Tony Blair to say battle against Islamic extremism is paramount

The former prime minister will warn the west it needs to take sides in the Middle East and move the battle against Islamist extremism to the top of the political agenda.

In a speech to Bloomberg in London on Wednesday, he will say:

The important point for western opinion is that this is a struggle with two sides. So when we look at the Middle East and beyond it to Pakistan or Iran and elsewhere, it isn’t just a vast unfathomable mess with no end in sight and no one worthy of our support. It is in fact a struggle in which our own strategic interests are intimately involved; where there are indeed people we should support and who, ironically, are probably in the majority if only that majority were mobilised, organised and helped.

Full story | Live reaction to Tony Blair’s speech

Photograph: Matt Rourke/AP

Syrian rebels warn of potential Homs massacre as regime troops advance

Syrian government forces stepped up efforts to advance on opposition areas of the central city of Homs on Thursday amid warnings of a potential massacre following months of siege and starvation.

But reports from the scene described rebels clinging to their positions despite tank shelling, sniper fire and air strikes mounted to help government troops recapture several enclaves in the old city. Full story

Photograph: Stringer/Reuters

Iranian killer’s execution halted at last minute by victim’s parents

Convict had noose around his neck when victim’s mother approached, slapped him in the face and spared his life. Full story

Photograph: Arash Khamooshi /Isna

Does a growing global youth population fuel political unrest?

Young people under 30 are the majority in many countries in the Middle East and South America, yet politicians do little or nothing for them. Is the demographics of the ‘youth bulge’ enough to explain the huge rise in disaffection? Patrick Kingsley reports

Pictured: Yemenis shout slogans during a rally in the capital, Sanaa, on 18 September 2013. Photograph: Mohammed Huwais/AFP/Getty Images

Image of Syrian boy in desert triggers sympathy – and then a backlash

A heart-rending picture of a four-year-old Syrian boy apparently alone in the desert, separated from his family and clutching a tattered plastic bag of possessions, seemed to epitomise the refugee crisis caused by the civil war.

But it was not quite what it seemed at first glance. A second photograph, posted by UN staff on Tuesday, showed that the boy was straggling behind a larger group of refugees. “He is separated – he is not alone,” Andrew Harper, head of the refugee agency UNHCR in Jordan, who took the first picture, clarified. Marwan had been reunited with his mother within 10 minutes. Read more

Photographs, top to bottom: Andrew Harper/UNHCR/Twitter and Jared Kohler/UNHCR/Twitter.

New Afghanistan law to silence victims of violence against women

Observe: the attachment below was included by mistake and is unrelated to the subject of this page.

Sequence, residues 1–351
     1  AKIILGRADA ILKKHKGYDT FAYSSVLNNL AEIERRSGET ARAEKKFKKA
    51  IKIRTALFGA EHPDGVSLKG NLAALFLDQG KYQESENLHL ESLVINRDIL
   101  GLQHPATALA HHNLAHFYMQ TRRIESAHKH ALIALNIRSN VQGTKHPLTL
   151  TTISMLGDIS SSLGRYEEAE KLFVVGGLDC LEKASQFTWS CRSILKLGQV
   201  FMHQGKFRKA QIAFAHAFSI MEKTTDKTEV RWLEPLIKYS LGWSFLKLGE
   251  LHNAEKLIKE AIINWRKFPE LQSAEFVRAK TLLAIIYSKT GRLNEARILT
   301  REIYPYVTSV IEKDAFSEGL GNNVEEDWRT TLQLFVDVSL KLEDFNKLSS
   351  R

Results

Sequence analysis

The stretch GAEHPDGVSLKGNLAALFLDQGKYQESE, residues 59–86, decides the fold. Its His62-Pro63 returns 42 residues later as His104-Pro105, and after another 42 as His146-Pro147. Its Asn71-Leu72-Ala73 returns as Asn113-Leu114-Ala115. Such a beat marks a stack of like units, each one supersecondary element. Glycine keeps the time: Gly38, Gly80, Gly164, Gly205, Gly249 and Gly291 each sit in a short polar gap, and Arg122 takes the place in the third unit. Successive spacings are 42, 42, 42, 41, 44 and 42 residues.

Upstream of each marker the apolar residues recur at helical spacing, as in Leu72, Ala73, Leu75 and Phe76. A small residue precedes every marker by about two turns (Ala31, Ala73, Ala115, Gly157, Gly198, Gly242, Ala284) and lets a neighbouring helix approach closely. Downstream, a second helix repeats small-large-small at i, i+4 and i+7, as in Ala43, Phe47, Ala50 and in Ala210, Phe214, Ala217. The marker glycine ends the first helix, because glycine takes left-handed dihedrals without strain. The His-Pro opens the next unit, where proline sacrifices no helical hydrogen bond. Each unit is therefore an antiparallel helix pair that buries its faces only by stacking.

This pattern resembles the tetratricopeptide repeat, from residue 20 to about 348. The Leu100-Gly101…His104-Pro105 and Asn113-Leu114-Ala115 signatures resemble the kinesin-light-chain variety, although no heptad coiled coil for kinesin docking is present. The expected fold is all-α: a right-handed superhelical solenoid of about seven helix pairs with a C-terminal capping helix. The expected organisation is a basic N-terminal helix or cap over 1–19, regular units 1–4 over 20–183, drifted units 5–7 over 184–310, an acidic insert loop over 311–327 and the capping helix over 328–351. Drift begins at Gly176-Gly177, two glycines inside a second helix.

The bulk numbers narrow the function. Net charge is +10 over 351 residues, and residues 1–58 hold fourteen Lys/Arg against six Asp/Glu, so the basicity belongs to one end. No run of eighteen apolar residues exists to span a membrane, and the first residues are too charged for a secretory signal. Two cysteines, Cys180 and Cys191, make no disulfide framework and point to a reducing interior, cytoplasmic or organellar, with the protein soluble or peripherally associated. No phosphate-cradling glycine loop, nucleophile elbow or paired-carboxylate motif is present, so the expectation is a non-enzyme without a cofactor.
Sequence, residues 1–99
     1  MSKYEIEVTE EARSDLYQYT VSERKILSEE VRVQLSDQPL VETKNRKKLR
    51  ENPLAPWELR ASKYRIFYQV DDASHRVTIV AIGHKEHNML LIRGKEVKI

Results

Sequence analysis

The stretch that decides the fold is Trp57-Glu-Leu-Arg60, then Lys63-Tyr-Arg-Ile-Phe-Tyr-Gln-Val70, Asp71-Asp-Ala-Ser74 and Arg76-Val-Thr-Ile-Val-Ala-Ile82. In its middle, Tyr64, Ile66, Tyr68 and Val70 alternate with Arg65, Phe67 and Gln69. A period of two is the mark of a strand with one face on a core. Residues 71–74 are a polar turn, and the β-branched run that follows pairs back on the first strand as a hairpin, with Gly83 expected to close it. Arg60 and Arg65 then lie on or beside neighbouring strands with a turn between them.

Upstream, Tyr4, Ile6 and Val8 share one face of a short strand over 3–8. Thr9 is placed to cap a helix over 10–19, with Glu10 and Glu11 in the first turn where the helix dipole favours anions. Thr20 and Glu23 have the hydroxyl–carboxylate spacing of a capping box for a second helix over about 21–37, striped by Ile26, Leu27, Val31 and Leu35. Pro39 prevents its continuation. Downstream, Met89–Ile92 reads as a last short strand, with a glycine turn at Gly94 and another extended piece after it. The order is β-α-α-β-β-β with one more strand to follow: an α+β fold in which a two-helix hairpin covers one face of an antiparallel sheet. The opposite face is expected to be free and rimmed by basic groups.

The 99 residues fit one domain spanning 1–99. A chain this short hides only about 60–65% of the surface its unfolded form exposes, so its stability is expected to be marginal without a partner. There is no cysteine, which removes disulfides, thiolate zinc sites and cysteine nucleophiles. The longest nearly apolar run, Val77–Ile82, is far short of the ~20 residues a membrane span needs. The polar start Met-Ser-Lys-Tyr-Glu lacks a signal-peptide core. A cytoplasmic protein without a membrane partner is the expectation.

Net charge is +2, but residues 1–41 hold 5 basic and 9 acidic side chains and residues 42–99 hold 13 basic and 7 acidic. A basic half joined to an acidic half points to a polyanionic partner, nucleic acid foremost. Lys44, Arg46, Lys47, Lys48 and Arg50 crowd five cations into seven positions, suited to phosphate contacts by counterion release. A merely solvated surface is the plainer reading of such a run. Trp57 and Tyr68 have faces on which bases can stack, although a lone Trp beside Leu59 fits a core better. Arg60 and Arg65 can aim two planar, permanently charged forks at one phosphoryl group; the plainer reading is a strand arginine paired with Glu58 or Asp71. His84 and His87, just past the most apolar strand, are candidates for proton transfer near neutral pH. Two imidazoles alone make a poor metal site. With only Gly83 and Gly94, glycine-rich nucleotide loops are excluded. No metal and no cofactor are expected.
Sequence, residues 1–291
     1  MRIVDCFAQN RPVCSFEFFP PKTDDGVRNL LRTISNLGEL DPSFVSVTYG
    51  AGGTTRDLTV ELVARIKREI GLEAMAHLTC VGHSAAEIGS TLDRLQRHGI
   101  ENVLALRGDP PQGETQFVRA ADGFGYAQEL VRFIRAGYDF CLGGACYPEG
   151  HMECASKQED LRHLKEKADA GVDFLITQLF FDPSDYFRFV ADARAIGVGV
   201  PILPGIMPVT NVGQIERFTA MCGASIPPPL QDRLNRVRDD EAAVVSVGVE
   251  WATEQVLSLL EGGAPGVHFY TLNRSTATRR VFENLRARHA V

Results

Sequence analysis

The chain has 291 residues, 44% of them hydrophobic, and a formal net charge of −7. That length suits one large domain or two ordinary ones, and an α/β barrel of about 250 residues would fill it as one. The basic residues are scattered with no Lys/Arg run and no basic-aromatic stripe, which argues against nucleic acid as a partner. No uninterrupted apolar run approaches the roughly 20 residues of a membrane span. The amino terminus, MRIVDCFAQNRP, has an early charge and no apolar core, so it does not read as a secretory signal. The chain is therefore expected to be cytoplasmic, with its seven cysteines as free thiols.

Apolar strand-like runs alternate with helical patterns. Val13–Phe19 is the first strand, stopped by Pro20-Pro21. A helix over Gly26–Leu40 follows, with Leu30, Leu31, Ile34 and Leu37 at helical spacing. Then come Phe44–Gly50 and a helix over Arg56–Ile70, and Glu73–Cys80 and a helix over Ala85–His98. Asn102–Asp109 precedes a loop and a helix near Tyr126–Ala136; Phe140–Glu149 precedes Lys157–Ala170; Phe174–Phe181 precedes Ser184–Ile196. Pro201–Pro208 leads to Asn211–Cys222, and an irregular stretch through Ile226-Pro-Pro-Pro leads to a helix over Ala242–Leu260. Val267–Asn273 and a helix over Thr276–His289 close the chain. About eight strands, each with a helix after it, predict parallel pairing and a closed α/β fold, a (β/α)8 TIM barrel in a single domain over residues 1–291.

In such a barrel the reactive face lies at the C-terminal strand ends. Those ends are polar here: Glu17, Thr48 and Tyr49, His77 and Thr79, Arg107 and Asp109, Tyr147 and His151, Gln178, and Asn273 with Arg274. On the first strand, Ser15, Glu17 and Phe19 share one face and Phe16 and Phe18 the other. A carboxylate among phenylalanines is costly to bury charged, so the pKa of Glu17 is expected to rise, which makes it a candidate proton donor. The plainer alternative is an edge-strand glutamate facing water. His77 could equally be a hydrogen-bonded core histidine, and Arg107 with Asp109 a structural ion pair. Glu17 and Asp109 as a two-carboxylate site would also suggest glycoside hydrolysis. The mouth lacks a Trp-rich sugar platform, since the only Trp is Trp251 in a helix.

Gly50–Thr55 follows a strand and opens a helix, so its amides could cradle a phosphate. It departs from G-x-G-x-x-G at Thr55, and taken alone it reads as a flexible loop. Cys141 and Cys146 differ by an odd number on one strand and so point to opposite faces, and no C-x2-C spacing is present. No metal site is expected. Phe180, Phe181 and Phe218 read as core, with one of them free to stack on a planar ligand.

A new Afghan law will allow men to attack their wives, children and sisters without fear of judicial punishment, undoing years of slow progress in tackling violence in a country plagued by honour killings, forced marriage and vicious domestic abuse. Read more

Photograph: Paula Bronstein/Getty

Afghanistan election guide: everything you need to know

Eleven candidates, 12 million voters, more than 6,000 polling centres – and a lot of headaches for the victor. But who are the men who would be Afghan president and what do they offer? Find out more

Photograph: Musadeq Sadeq/AP

Syria wiping neighbourhoods off the map to punish residents – rights group

The Syrian government has demolished thousands of buildings, in some cases entire neighbourhoods, in parts of Damascus and Hama, as part of a collective punishment against residents of rebel-held areas, Human Rights Watch has found.

Satellite imagery taken over both cities has revealed seven areas where neighbourhoods have either been largely destroyed or totally demolished. None of the destruction was caused during combat. Rather, the buildings have been systemically destroyed using bulldozers and explosives placed by troops who first ordered residents to leave, then supervised the demolitions. Read more

Photograph: HRW/2014 DigitalGlobe

Hairless hero: Iranian teacher shaves head in solidarity with bullied pupil

When Iranian schoolteacher Ali Mohammadian noticed that one of his students was being bullied after going bald as a result of a mysterious illness, he decided to show solidarity and shave his own hair. In no time, his entire class shaved their heads and the bullying stopped.

Now, Mohammadian, who teaches at Sheikh Shaltoot’s elementary school in Marivan, a Kurdish city in the west of Iran, has become a national hero. President Hassan Rouhani has praised him, the government has offered financial support for the pupil’s medical treatment and his story has reached the four corners of his country. Read more

Photograph: Bahman Shahbazi for Tasnim News

Smoke and fire from burning cars are seen following an explosion in the Haret Hreik neighbourhood of Beirut, Lebanon. Two people were killed in the suicide car bombing. More on this story.

Photograph: AFP/Getty Images